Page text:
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Beauty Rituals That Are Actually Bad For You

What you shouldn't do!

We all love a good pampering session after a hard day, especially if apart from giving us a well-deserved dose of relaxation it also comes with the extra benefit of a smoother skin or a self-esteem boost. But not all the rituals that feel good and make us feel beautiful are actually healthy. In fact, doctors say, the average woman has at least three beauty habits that do more harm than good and that can take their toll on your health when practiced for years. Here are a few of the most dangerous and controversial ones that fortunately have healthier alternatives.

Tanning

There is nothing wrong with wanting sun-kissed legs, especially when the warmer weather rolls in, but be very careful how you get a tan, because getting a tan is, in essence, burning your skin. Dermatologists everywhere warn us that there is simply no such thing as a healthy tan and prolonged exposure to UV rays leads to premature skin aging and increases the risk of skin cancer.

You shouldn’t go outside without applying a thick layer of SPF 50 in summer and SPF 30 in winter and the use of tanning beds is simply out of the question if you care about your health. Although the negative effects of tanning beds are already well-known, their cosmetic use hasn’t been banned everywhere and there are still women who think that the occasional tanning session won’t do any harm. However, you should know that even a few minutes spent under the ultraviolent light of a tanning bed are enough to raise your risk of skin cancer and the procedure instantly becomes riskier if you have moles. One of the reasons why so many women are skeptical of the negative health effects of tanning is that there are no immediate consequences, but, just how one cigarette doesn’t feel dangerous, neither does one tanning session.

If you really want to make your skin a couple of shades darker, the only healthy, risk-free way of doing that is by using a self-tanner. Self-tanning lotions have come a long way from the orange, biscuit-smelling products used in the 90s and you will be amazed to discover that a cheap, drugstore self-tanner can give you a nice, all-over glow that doesn’t transfer on clothes.

Shaving with a razor

We know, you’ve had a long day, you’ve forgotten about that hair removal appointment and you simply must wear that short skirt tonight. The razor might sound like a quick and easy solution to your problems, but this is hardly the healthiest way to get rid of unwanted hair. Using a razor for a long period of time increases the amount of ingrown hair and, if you don’t keep your razor in a cool, clean, dry place (which most of us don’t anyway), you might get an infection if you cut yourself.

Wax hair removal at the salon is a safer alternative to razors, but you should avoid this procedure if you have sensitive skin and struggle with redness and inflammation. Although laser hair removal is quite an investment, it’s definitely recommended as a long term solution. When done by a trained professional in an accredited skin clinic, laser hair removal solves the problem for good.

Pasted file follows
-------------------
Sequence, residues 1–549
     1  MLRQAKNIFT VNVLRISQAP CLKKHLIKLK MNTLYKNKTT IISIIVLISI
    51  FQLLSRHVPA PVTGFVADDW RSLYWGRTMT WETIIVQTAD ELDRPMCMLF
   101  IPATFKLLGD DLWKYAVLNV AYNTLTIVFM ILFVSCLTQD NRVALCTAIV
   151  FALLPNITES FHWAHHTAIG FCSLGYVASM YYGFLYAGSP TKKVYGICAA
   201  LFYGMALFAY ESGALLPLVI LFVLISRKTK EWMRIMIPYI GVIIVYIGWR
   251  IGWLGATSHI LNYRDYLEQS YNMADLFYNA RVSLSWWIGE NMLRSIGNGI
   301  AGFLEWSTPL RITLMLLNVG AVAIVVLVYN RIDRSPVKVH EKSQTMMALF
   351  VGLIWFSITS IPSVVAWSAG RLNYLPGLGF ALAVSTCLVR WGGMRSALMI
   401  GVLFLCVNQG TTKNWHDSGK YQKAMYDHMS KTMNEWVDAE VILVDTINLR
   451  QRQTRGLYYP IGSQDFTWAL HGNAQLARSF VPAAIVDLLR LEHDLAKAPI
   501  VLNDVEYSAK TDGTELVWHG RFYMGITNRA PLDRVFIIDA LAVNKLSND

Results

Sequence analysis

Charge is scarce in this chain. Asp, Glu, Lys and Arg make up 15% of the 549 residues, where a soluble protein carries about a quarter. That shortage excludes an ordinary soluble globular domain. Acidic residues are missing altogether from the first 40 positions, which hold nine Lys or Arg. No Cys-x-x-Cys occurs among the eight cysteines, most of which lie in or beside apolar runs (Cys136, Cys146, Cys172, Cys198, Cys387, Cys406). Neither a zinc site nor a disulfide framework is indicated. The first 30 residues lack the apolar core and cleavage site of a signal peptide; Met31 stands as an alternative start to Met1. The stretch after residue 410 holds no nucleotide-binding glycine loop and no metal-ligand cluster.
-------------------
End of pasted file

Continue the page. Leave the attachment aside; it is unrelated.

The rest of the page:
Scrubbing

Scrubbing away at your skin when it feels dull and full of pimples can feel very satisfying, but it comes at the cost of micro-lesions that break the skins natural moisture barrier and make matters worse. Physical scrubs that contain plastic micro-beads are on the list of skincare products you should avoid and, if the dermatologist advice is not enough, then note that in many countries these scrubs are forbidden because those tiny beads pollute water.

But, as harmful as scrubs may be, exfoliating your skin is not dangerous if done right. In fact, gentle exfoliation with chemical ingredients is a great way of removing the outer layer of dead skin cells and promoting cell turnover. Look for toners and masks with lactic acid and glycolic acid, as these are effective enough to remove dead skin, but not harsh enough to cause irritation.

At-home teeth bleaching

Considering that having your teeth whitened at the dentists’ office can cost a good couple of dollars, many women chose the DIY solution and decide to whiten their teeth using commercial whitening strips, which can be found in just about any online store. However, these at-home whitening kits are not regulated and they contain a higher concentration of hydrogen peroxide than your dentist would use. As a result, you could end up with irritated gums, stained teeth and even burns in the worst cases. If you cannot go to a dentist to whiten your teeth professionally, then it’s best to avoid DIY teeth bleaching altogether.

Bath bombs

Bath bombs make your tub look fantastic and they help your muscle relax after a long day. However, there are very few companies that do truly safe bath bombs using non-toxic ingredients. Most of the time, to create fizzy, glittery, delicious-smelling products, manufacturers use synthetic scents, phthalates, artificial dies and actual glitter. The combination of all of these ingredients can cause rashes and irritations on sensitive skin and increases the risk of UTIs and yeast infections. Showers are much healthier, say dermatologists, but if you must have a bath, use all-natural bath bombs and bath foams instead.

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